COVID-19 patient uptick and staff shortages leave area nurses overworked
Nurses across Nebraska are growing increasingly exhausted as COVID-19 hospitalizations continue to drastically increase as the state sees it's biggest surge since the pandemic began.
LINCOLN, Neb. (KLKN) – Nurses across Nebraska are growing increasingly exhausted as COVID-19 hospitalizations continue to drastically increase as the state sees it’s biggest surge since the pandemic began.
“If there’s anybody experiencing pandemic fatigue it’s healthcare workers, we are tired,” says a local nurse, who wishes to remain anonymous to protect herself and job.
The nurse tells Channel 8 News she believes the hospitals are doing a great job of trying to mitigate staff stress and manage long shifts and extra hours, but that they could be more transparent with their communities about the struggles they’re facing.
“We talk about hospital bed [capacity] in the news a lot, and it’s like yeah, you may have a bed but you don’t have a nurse to take care of you in that bed and that’s often forgotten.”
Staff shortages in the hospital systems are forcing nurses and other staff to work longer or in areas of the hospital they don’t normally work.
Jessica Burke, who agreed to be identified, works in Omaha. She says another factor contributing to short staffing is nurses themselves catching COVID-19.
“It’s been frightening as an emergency room nurse because you see it firsthand, you know your staff and they’re getting really ill and you want the general population to understand this is not political, COVID is real,” Burke says. “It’s affecting us a lot more than in March.”
Another nurse, who also wished to remain anonymous, says she occasionally works in more rural hospitals. Some of which, only have up to 12 beds. She says she’s afraid of contracting the virus and spreading it to her loved ones.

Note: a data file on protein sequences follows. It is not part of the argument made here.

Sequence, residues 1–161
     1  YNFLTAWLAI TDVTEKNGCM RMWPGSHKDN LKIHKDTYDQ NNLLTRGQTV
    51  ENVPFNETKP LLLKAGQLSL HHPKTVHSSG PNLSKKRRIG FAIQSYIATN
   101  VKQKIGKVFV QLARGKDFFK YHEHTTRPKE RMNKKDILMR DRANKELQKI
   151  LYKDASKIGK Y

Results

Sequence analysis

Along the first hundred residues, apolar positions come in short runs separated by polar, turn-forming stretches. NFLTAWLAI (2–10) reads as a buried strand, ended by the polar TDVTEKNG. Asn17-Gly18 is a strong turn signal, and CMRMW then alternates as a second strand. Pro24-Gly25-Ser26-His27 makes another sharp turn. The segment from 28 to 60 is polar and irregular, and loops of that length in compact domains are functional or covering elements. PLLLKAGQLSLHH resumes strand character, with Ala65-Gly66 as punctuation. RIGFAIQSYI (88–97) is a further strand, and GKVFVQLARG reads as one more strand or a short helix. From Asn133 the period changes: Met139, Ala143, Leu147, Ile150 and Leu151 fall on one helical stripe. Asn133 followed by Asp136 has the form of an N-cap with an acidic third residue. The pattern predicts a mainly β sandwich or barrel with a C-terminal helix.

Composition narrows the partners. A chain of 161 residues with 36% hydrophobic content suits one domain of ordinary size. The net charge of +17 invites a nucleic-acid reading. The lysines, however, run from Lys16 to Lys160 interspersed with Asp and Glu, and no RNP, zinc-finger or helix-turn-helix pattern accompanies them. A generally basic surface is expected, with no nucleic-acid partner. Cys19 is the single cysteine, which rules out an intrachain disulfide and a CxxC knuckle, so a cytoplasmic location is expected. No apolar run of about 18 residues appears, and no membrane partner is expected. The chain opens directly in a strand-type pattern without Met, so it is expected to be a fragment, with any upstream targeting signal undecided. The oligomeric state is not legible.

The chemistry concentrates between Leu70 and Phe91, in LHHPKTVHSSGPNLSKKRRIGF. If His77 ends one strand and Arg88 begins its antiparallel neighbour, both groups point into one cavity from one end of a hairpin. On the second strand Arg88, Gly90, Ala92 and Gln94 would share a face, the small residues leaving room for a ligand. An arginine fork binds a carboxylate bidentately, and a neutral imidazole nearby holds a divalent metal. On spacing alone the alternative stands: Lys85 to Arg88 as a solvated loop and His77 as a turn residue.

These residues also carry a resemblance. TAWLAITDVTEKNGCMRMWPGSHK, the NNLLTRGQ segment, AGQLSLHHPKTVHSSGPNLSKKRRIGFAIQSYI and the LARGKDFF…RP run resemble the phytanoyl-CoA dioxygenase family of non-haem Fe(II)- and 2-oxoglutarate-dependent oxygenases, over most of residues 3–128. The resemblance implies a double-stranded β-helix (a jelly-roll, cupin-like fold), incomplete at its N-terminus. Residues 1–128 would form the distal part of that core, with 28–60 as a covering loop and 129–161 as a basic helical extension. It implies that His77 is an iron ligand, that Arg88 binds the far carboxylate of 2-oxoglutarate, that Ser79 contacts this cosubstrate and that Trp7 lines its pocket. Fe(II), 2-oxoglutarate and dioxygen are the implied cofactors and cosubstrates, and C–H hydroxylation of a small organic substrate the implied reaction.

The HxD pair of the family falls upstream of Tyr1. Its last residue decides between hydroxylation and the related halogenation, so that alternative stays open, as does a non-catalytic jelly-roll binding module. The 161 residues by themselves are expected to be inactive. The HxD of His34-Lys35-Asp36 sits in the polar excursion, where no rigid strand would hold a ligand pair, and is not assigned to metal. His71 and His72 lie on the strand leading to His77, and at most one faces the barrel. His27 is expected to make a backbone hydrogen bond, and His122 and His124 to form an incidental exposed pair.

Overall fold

“I’m fearful everyday I go home that I’ll give it to my husband and my kids.”
Although additional CARES Act money has been distributed to major hospitals in the state, including Bryan Health where they are now offering $5,000 bonuses for nurse referrals, many nurses say the money is helpful, but that doesn’t eliminate their risk.
“Even if we do get extra money to work a shift it’s still an extra exposure,” Burke says. “If I was diagnosed with COVID I’d be scared. Because I’ve seen it and I see what it does.”
Burke and the anonymous nurses say they understand this is their job and they know what they signed up for. They reiterate that they will continue to help any patient that crosses their path, but that it’s offensive and angering to see many community members pretend COVID-19 isn’t a problem.
“We’re drowning, we’re working overtime and we are stretching. Patient ratios are up and then we see our communities having football games and parties and weddings and all of these things that are adding to the patients and stress – it feels like a kick in the face” one nurse says.
With loose restrictions, masks mandated in only Lincoln and Omaha, the nurses tell Channel 8 News that communities can and need to do better.
“When the pandemic began, we were called heroes. We’re not heroes. We’re just people that care and we need everyone else to care too,” says another.
Although there is no quick fix to increasing hospital staff, nurses agree that a decreased patient population in all facilities would help dramatically. Many facilities are relying on traveling nurses to boost staff numbers and give current nurses a break.